There haven’t been many 50-50 fights in the heavyweight division over the past few years, but we’ve got one in Los Angeles on Saturday night.
Deontay Wilder has been the WBC champion for nearly four years now, but this weekend is arguably the first time he has taken on a truly elite fighter at their peak.
Luis Ortiz – who Wilder beat by 10th-round TKO in March – was clearly the American’s best opponent to date, but he was 38 at the time and was hurt by the age gap as the fight went on.
Along with his punching power, Wilder showed real heart to stop Ortiz when he was clearly behind on the scorecards. It was an impressive victory.
He was outboxed by the older, shorter Cuban for much of the fight, though, and now faces a much stiffer test in Fury.
At 6ft 9in, the Mancunian holds a two-inch height advantage and is an incredible technical boxer for his size.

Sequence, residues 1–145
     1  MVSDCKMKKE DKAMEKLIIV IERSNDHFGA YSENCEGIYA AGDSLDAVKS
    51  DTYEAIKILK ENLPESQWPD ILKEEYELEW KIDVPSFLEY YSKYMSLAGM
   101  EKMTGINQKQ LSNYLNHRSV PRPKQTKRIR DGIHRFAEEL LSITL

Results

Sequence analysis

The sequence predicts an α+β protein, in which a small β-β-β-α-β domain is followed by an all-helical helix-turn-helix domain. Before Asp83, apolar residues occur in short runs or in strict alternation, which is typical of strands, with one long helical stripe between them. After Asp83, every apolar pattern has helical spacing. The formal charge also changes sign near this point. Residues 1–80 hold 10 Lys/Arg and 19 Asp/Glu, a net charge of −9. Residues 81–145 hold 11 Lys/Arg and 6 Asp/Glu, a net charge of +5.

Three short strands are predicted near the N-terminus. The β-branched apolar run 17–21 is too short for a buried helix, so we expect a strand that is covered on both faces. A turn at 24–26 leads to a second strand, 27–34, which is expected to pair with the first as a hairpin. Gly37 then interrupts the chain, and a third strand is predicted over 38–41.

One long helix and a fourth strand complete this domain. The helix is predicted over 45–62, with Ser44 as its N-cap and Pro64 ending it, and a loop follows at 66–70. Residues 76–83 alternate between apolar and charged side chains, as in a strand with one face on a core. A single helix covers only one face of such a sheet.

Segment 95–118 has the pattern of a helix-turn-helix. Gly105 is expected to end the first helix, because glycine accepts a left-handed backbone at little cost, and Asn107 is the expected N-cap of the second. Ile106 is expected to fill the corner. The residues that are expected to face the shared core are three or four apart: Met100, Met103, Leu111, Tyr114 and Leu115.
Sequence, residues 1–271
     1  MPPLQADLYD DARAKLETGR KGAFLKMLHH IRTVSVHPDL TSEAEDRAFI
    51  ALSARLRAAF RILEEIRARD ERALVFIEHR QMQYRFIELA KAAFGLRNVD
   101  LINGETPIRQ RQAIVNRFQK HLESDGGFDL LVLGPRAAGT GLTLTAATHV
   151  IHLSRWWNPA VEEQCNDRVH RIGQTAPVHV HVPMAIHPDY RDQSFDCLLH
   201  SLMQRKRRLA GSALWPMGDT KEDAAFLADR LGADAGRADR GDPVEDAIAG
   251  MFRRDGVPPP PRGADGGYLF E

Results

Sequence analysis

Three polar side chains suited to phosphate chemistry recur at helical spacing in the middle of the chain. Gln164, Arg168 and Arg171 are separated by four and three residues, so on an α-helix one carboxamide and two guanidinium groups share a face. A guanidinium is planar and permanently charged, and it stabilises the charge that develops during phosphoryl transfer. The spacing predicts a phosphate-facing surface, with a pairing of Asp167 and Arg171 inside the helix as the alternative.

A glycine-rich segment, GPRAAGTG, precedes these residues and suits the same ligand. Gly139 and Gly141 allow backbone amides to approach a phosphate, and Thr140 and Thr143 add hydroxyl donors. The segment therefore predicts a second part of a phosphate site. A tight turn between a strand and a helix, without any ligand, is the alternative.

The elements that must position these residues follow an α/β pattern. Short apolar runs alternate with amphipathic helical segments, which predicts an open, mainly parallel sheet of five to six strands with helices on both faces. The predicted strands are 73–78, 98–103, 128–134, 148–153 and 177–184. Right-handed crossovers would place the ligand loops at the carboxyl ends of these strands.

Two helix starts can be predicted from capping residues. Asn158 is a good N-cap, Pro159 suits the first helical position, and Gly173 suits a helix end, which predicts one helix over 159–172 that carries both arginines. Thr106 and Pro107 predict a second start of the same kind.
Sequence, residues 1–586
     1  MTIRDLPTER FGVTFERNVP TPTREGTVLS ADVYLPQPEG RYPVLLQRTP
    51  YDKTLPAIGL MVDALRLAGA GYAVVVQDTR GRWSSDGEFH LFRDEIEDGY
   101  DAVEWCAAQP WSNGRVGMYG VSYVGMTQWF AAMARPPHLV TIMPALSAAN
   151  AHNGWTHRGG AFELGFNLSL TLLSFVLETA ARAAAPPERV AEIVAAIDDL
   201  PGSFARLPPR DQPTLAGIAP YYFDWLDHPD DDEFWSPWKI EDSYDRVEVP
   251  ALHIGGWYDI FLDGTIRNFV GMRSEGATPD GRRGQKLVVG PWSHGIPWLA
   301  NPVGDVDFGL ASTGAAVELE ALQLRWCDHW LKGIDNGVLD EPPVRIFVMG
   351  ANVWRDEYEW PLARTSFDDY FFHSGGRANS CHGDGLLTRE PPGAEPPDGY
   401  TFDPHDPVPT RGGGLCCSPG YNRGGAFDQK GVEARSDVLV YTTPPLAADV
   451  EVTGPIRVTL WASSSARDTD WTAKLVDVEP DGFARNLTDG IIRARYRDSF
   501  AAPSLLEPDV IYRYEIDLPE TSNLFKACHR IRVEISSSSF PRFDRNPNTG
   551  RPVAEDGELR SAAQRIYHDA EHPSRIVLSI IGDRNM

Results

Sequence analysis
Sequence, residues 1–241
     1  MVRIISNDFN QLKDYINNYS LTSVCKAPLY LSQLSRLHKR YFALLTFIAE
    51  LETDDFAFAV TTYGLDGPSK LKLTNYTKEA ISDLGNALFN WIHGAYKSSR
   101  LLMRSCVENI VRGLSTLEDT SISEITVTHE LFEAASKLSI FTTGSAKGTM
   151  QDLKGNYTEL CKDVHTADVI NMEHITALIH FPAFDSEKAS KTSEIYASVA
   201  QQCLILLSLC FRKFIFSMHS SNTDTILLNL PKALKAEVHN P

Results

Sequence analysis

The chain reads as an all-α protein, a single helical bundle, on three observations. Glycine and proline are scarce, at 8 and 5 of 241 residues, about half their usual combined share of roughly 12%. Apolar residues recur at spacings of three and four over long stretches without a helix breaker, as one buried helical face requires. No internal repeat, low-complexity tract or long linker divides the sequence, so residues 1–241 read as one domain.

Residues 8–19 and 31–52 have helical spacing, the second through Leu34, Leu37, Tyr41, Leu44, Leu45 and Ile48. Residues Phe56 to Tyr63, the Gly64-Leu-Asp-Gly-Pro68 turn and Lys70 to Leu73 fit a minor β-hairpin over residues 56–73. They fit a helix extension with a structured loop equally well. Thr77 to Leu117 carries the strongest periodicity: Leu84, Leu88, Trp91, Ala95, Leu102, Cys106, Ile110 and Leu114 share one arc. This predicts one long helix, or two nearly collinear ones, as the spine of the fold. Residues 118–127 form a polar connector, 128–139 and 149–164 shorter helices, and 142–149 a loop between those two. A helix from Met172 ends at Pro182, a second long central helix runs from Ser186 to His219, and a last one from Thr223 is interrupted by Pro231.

His victory over Wladimir Klitschko in 2015 was very cagey and didn’t win him many fans, but, in truth, he schooled the then-champion, who was unbeaten in 22 fights at the time.
Fury’s approach will be similar on Saturday night.
He’ll know that Wilder has the power to stop anyone with one punch, and, as a result, he won’t be goaded into a war.
Fury was a 6/1 underdog when he avoided being hit with Klitschko’s big right hand en route to victory, and is a great price for the Englishman to triumph again this weekend.
A win on points for the lineal champion is even better value at , given that he’s much more likely to take Wilder the distance than knock him out.
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